Luck, Ambition and Accident Form Time at Georgetown

By Jeff Goldstein

Several of my friends have told me I’ve stressed way too much over this senior viewpoint. They’re probably right. Despite this knowledge, I find it extremely scary to try to sum up four years and look to the future in a few hundred words.

Georgetown continues to open my mind immensely – most of my standard entry assumptions have been shattered, usually for the best. I can’t point to any one experience that did it, though, so trying to provide advice would be sort of silly. I guess I’ve come to believe that experiences create a more open mind, which opens the door to more experiences. A virtuous cycle, as my management professors would say.

However, most of my Georgetown experience betrays any type of strategy.

During my first few days on campus, I wandered up to The Hoya office for the paper’s open house, mostly as a test. I had spent several years on journalism in high school, but I got sick of it at the end, and I wanted to see if I could get excited about it again.

My summer-long skepticism was no match for Editor in Chief John Keenan, whose 10-minute rant on what The Hoya needed to do to improve – and how I could help – instantly reminded me why I liked working on a newspaper. Keenan was so confident in The Hoya that he introduced me to the people who were in The Voice office. He knew I would make the right choice.

I never had any sort of journalistic aspirations, but putting out a twice-weekly paper was fun and I wanted to be a part of that process. My interests shifted several times – from copy editing to the sports juggernaut to free-agent editor to the business side – but I stuck around because it continued to be fun. That office can be infectious! I can only hope that the real world will provide me with an opportunity to work with so many good friends, because I can’t picture enjoying my work otherwise.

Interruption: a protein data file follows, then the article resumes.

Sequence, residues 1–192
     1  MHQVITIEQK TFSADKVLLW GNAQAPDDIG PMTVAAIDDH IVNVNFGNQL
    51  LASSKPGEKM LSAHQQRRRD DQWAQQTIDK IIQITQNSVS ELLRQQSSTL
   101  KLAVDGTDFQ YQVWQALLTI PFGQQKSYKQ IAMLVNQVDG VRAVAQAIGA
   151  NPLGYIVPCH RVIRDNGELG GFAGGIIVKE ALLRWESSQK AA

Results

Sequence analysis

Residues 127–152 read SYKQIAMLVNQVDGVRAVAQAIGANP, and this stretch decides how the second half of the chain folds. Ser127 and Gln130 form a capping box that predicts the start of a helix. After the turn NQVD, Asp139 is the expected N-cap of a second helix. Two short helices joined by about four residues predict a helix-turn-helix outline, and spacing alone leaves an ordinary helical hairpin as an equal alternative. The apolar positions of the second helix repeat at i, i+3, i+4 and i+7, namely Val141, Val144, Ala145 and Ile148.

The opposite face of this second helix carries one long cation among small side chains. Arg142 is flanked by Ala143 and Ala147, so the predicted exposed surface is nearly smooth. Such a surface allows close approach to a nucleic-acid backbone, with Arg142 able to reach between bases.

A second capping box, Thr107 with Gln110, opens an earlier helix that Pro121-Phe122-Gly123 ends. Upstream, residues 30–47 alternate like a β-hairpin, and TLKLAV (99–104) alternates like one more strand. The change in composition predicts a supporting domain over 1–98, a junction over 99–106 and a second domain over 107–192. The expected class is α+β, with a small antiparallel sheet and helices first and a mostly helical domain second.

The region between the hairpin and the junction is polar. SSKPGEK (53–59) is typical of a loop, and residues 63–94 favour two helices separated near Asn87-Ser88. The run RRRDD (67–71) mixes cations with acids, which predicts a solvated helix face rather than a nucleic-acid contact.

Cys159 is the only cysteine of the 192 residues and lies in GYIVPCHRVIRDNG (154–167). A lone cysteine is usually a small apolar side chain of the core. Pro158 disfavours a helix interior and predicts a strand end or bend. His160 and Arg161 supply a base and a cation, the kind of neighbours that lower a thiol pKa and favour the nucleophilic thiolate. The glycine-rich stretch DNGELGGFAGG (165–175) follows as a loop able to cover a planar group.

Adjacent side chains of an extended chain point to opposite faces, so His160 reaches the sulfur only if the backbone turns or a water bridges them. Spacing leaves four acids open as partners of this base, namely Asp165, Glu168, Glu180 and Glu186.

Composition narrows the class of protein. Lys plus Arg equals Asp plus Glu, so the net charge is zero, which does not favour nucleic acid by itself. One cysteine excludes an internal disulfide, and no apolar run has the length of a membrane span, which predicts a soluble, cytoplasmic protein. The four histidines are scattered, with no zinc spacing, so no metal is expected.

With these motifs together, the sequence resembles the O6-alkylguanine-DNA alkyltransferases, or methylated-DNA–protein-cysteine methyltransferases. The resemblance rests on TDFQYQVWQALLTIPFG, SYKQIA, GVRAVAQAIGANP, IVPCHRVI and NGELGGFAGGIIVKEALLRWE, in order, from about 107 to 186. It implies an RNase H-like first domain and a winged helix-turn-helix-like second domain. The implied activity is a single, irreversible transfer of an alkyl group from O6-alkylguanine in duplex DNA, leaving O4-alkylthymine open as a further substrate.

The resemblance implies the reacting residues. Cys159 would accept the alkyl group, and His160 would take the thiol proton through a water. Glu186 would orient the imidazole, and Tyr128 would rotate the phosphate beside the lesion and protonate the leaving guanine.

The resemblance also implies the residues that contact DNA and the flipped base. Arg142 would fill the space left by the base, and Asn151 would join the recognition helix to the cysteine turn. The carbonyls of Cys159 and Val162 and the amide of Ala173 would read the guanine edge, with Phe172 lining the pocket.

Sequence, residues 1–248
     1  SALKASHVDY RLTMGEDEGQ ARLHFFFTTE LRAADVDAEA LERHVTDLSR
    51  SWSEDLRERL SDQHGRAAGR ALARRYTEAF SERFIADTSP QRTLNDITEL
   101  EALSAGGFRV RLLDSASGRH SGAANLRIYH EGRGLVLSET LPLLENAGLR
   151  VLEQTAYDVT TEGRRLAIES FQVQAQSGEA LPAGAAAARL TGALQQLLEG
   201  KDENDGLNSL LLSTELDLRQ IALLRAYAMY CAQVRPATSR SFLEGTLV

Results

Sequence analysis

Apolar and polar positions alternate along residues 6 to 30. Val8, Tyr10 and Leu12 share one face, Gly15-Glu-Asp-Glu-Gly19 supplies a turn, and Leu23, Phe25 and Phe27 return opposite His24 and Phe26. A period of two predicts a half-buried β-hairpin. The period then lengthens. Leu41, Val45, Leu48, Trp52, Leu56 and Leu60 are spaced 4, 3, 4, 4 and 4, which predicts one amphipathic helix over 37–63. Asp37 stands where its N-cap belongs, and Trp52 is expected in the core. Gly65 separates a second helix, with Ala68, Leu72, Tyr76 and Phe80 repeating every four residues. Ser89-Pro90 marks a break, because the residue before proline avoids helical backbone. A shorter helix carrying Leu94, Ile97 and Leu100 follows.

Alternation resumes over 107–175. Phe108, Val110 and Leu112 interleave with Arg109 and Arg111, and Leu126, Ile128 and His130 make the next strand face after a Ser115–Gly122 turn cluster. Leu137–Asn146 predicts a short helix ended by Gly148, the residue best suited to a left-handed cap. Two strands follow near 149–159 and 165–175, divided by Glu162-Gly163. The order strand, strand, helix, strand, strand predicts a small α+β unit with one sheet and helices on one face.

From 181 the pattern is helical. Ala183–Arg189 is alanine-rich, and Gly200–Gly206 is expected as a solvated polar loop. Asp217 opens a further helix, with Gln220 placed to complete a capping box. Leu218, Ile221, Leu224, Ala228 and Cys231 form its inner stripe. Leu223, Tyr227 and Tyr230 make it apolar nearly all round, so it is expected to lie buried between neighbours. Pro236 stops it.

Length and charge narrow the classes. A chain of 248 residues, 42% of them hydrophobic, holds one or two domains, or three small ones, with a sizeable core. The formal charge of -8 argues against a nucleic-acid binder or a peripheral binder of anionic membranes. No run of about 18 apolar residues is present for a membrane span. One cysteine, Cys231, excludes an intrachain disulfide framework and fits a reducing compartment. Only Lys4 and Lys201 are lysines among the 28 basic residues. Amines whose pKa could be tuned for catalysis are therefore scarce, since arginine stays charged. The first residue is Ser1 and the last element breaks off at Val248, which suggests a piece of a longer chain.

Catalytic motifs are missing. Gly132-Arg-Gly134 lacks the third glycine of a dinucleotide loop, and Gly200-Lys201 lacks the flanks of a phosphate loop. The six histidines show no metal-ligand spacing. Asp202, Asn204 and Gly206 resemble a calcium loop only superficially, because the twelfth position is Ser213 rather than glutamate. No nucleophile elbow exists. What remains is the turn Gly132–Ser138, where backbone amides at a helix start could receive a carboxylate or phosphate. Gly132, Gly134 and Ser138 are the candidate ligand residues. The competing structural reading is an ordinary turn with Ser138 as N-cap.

My recruitment to The Hoya was one of my many Georgetown moments that combined luck with ambition and a bit of an accident to help create who I am now. Another was when the much-reviled housing office at Georgetown had a burst of brilliance in the summer of 1996, throwing me into a triple with two assigned roommates who would become great friends – not to mention the multitude of other residents of the 8th floor of Harbin who regularly dropped by for food or television.

The lack of strategy showed again in my selection of a campus job. I went down to the McDonough School of Business Tech Center a day or two after I joined The Hoya, just to check e-mail and print out a paper, and I walked out with a job application. Most of my Hoya peers still laugh at how much time I spend at the “BISL,” but I can’t imagine how unfriendly the business school and its students would be without the lab.

Study in Australia? Why not? Spending a semester with a 20-minute walk to the beach and about 50 Aussie students – who never missed the opportunity to go out with the Americans scattered among them – showed me how to relax.

After six months of excitement and travel, I came back to Georgetown renewed, and promptly forgot how to relax. Following my 21st birthday, I settled into a great routine consisting of stressing over job interviews, stressing over five business classes and stressing over the fact that I stressed too much.

While I probably won’t eliminate stress anytime soon, I’ve allowed myself to enjoy second semester a lot more. I have a job for next year, my course load is smaller and I’ve managed to make it this far in the 99 Days Club at The Tombs. And I’ve even had another one of those luck/ambition/accident experiences, getting to know a remarkable MSB junior who has become my first Georgetown girlfriend.

Although my name isn’t in the box on page two anymore, I still feel a burst of pride whenever I see someone reading The Hoya. It’s a great feeling to see someone in class with one eye on the chalkboard and the other eye on the paper. I especially enjoy seeing older Georgetown residents reading at Starbucks or Booey’s – I love to talk about how we’re a paper for the entire community, and that reassures me that I’m not completely dreaming.

Actually, a great deal of Georgetown life has the same dynamic. While in a way we’re isolated, we are here as a precursor to being members of a community. As much as we resist it, I think we might be prepared.

Jeff Goldstein is a former senior sports editor, sports editor and chairman of the board of directors for The Hoya

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